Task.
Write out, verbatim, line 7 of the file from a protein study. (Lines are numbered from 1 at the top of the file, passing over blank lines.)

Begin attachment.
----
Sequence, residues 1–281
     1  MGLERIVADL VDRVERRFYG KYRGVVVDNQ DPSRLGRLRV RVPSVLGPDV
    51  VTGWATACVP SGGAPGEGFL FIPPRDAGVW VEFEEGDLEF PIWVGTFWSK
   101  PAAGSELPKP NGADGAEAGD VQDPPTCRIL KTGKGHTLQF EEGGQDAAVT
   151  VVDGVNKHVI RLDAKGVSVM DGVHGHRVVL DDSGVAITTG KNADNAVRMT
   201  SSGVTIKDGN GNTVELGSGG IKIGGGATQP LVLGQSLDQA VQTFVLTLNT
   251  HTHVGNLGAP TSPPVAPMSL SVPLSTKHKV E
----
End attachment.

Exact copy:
   251  HTHVGNLGAP TSPPVAPMSL SVPLSTKHKV E